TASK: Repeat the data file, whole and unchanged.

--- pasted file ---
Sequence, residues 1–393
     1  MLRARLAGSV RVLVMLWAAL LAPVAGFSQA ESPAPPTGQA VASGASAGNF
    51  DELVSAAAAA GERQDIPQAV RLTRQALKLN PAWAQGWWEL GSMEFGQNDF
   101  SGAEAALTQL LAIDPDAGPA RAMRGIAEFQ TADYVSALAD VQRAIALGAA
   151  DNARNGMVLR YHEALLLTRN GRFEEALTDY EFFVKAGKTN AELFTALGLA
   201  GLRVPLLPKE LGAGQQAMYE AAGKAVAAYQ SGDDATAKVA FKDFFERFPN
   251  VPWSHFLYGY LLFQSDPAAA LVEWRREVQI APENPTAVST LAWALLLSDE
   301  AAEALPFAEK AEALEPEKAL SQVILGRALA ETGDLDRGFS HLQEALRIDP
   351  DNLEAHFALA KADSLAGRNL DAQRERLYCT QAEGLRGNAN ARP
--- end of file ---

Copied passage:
Sequence, residues 1–393
     1  MLRARLAGSV RVLVMLWAAL LAPVAGFSQA ESPAPPTGQA VASGASAGNF
    51  DELVSAAAAA GERQDIPQAV RLTRQALKLN PAWAQGWWEL GSMEFGQNDF
   101  SGAEAALTQL LAIDPDAGPA RAMRGIAEFQ TADYVSALAD VQRAIALGAA
   151  DNARNGMVLR YHEALLLTRN GRFEEALTDY EFFVKAGKTN AELFTALGLA
   201  GLRVPLLPKE LGAGQQAMYE AAGKAVAAYQ SGDDATAKVA FKDFFERFPN
   251  VPWSHFLYGY LLFQSDPAAA LVEWRREVQI APENPTAVST LAWALLLSDE
   301  AAEALPFAEK AEALEPEKAL SQVILGRALA ETGDLDRGFS HLQEALRIDP
   351  DNLEAHFALA KADSLAGRNL DAQRERLYCT QAEGLRGNAN ARP